So, there we have it - Guinness can be good for some people.

The downside is that it is a bit sad for those of us who would mostly prefer to avoid patronising unethical companies. Oops - another problem.:frowning:
(If I sound bitter, it’s bercause I used to work for their stockbroker at the time when they were all busily protesting their innocence. This led to quite a lot of practice, even more than usual, in keeping one’s opinions to oneself in the workplace while trying to get away from the place by any escape route possible! :slight_smile:

it’s used as an anaemia treatment for horses…have you ever seen a horse after the effects of 4 bottles of guinness and hot mash kick in? very funny.
yes, this was prescribed by a vet, yes, in ireland.

and they still give it to the auld fellas in the geriatric wards, it’s got enough carbohydrates and B vitamins to keep them going, for a bit, and a lot of them can’t take ( i.e. do not like and refuse to eat) solids or hospital food.

Another small point. In many old books you will find people drinking a light beer or watered wine with their meals and there was a belief that alcohol was good for you.

This was not myth, but based on scientific fact. In previous centuries, drinking water was often polluted and disease-ridden, particularly in towns and cities. Alcohol can kill germs in water, so people caught fewer diseases if they mixed alcohol into their water, or drank beer. Brewing was an important household skill.

Compared to polluted water, Guinness is indeed good for you.

Just a slight corection Balor, the reason that beer was safer than water is/was that it was boiled during the process. But the effect is the same.

I agree that boiling the water for beer probably was a major factor, which I had not thought of. A very good point to make. Most people drank beer in Northern Europe, rather than wine.

However, wine drinking was prevalent in lower latitudes. Alcohol is a disinfectant, and there is little doubt that it also had an effect in limiting disease. That is why we don’t catch horrible diseases when grapes are crushed by foot in the old-fashioned wine making process.

If you want beer with health benefits, you’ve got to make your own. The residual yeast present in homebrew is chock full of vitamins, especially B[sub]12[/sub] if I’m not mistaken.

When my wife was pregnant with our first child, it was decided her mother (who is 100% Chinese, as is my wife) would live with us for a month after the child was born to help out. Her parents live in New Zealand.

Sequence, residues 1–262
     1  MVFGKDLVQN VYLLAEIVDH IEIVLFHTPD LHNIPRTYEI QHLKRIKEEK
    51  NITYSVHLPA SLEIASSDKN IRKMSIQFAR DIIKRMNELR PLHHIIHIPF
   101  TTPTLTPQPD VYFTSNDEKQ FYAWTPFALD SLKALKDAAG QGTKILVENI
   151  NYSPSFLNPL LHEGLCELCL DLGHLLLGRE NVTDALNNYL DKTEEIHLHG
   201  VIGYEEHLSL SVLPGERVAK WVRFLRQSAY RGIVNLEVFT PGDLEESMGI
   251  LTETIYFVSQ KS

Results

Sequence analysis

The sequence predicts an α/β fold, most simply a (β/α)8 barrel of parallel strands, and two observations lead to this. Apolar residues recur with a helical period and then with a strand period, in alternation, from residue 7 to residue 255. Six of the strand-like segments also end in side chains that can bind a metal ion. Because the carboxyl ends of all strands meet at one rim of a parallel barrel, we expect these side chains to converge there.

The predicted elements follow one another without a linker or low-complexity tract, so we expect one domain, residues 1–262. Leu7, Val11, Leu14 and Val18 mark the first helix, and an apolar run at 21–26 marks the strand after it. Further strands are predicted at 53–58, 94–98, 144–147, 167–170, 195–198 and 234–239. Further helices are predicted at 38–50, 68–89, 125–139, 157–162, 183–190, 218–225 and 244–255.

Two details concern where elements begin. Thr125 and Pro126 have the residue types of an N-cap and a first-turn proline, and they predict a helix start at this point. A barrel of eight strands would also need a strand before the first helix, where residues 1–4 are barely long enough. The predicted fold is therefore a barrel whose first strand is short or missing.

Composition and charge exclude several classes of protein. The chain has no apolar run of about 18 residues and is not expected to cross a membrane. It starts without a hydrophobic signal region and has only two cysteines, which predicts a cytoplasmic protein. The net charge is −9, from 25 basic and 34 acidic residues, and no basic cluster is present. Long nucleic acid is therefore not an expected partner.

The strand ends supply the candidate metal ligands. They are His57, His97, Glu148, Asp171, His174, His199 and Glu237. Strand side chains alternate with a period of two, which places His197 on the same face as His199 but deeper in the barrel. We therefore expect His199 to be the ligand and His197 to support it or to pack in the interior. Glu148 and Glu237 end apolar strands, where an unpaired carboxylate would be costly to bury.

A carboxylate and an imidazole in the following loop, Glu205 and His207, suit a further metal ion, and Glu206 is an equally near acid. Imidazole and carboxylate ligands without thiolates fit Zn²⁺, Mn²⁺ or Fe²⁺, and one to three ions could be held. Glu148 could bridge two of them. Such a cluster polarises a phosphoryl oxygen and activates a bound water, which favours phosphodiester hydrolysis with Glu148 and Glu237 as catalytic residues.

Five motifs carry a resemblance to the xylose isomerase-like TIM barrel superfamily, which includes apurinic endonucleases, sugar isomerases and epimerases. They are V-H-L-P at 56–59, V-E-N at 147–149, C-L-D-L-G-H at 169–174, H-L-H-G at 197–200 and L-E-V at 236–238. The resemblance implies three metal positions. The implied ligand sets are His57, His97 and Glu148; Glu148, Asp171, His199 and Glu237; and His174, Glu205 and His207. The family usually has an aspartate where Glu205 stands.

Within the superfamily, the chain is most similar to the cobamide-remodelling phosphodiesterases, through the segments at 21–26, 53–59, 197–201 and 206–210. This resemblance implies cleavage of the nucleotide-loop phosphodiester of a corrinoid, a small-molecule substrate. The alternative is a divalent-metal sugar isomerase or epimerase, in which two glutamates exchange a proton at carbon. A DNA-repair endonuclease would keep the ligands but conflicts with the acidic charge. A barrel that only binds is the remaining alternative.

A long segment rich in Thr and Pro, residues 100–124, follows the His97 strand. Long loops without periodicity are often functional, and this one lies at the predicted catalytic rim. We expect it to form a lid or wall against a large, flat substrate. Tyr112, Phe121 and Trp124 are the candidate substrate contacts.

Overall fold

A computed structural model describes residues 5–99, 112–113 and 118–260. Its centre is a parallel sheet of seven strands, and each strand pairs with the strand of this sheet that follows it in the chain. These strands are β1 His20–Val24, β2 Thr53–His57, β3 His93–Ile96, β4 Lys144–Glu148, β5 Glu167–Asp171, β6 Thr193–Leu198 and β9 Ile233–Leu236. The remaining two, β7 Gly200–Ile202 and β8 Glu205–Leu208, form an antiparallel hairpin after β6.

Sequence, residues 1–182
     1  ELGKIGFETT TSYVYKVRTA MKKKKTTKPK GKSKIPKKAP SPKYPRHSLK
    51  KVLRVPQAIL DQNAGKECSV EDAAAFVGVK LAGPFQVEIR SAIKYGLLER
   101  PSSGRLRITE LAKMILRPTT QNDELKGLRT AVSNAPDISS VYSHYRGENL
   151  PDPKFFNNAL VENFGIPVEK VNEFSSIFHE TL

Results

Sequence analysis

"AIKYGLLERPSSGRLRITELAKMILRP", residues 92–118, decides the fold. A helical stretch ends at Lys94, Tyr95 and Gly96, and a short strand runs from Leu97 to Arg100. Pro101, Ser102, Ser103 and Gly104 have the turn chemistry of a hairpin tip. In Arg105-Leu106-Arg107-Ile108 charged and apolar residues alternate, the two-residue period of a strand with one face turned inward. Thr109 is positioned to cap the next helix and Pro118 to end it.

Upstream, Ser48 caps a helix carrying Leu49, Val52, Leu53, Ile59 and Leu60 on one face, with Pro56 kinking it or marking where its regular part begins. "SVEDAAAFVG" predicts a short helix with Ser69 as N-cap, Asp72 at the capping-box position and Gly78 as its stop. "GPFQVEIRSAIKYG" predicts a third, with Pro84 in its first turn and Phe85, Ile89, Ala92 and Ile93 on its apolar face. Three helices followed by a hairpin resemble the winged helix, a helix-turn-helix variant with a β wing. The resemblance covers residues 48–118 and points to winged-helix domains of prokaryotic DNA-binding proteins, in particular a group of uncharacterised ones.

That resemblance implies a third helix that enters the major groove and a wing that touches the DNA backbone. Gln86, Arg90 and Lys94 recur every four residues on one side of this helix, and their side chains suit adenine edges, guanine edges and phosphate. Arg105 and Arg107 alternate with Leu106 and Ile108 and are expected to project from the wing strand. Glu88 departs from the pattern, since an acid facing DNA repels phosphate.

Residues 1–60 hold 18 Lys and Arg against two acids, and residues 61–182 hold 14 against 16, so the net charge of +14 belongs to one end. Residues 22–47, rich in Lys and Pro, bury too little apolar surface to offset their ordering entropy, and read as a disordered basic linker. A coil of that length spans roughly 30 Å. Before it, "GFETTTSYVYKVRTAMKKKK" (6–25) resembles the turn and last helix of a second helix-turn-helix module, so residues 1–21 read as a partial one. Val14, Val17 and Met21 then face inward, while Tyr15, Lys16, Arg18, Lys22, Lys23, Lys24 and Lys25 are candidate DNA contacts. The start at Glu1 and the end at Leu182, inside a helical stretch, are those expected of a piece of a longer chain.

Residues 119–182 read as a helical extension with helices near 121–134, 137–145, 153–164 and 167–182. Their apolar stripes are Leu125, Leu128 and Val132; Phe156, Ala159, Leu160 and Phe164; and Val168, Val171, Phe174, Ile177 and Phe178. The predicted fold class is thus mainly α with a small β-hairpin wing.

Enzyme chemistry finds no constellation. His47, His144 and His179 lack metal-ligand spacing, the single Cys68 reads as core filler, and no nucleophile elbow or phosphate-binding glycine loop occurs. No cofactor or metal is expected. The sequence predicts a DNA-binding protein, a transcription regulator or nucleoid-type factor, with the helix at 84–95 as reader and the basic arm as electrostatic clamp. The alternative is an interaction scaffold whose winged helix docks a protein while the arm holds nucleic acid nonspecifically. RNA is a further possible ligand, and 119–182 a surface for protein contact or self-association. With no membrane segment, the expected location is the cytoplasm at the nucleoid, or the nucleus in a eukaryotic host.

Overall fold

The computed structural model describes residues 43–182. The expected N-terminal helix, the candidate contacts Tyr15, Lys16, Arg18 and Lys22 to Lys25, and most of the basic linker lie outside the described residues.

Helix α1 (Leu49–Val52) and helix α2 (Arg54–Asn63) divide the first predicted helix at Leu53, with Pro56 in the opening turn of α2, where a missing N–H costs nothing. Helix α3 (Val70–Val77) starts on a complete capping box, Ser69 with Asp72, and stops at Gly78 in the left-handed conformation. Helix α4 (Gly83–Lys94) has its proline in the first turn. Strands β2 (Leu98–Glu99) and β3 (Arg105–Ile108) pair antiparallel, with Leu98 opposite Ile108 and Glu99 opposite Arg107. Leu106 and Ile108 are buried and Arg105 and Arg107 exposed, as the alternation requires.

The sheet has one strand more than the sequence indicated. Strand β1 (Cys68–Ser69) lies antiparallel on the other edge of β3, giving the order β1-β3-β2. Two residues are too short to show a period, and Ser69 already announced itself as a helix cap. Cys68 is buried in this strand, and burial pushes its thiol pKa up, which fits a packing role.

Anyway, I was talking to her mother on phone a few weeks before she was scheduled to arrive. At one point the conversation went like this:

[sub](Keep in mind my MIL is Chinese, and her English is very difficult to understand.)[/sub]

MIL: “Make sure you purchase Guinness for [my wife]. She need it after baby born.”

Me: “Buy some ginseng? I’m not sure if she’ll eat it.”

MIL: “No - Guinness. Get Guinness. It make good medicine for mother after baby born.”

Me: “Ginseng? I’ll get some.” (Trying to appease her…)

MIL: “Yes, get some Guinness.”
So I go out and buy some ginseng.

When her mother arrived, I showed her the ginseng.

MIL: “No no - Guinness, not ginseng!”

Me: “Guinness?! That’s a beer!”

MIL: “Yes. Get some Guinness. Good for woman who just deliver baby.”

Huh?

So I go out and get a six pack of Guinness. Of course, my wife would [not] drink it.

But I did. (Mmmm, Guinness :)) Yep, I really needed some Guinness after the baby was born…:eek:

I once gave blood after having a few guinesses in a lunch time drinking session in Cardiff. Often wondered if the person receiving the blood appreciated the extra goodness he was getting.

The U.K. blood transfusion service used (up to perhaps 15 years ago or so) to have a similar policy, particularly on university campuses. The popular feeling at the time was that it was sheer bribery, though certainly preferable to tea and a biscuit.

More generally, it was disturbing going round the Guiness Brewery museum in Dublin about 10 years ago and realising from the posters on display that, while the “Guinness in good for you” slogan had been phased out in Britain and Ireland in the Sixties, it was still in use in the Third World through the Eighties.